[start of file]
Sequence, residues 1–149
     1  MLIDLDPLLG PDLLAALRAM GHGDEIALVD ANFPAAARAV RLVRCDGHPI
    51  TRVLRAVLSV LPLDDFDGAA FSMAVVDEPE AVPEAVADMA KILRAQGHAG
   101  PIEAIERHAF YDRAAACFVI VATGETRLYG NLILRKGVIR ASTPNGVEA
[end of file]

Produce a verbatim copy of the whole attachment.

Sequence, residues 1–149
     1  MLIDLDPLLG PDLLAALRAM GHGDEIALVD ANFPAAARAV RLVRCDGHPI
    51  TRVLRAVLSV LPLDDFDGAA FSMAVVDEPE AVPEAVADMA KILRAQGHAG
   101  PIEAIERHAF YDRAAACFVI VATGETRLYG NLILRKGVIR ASTPNGVEA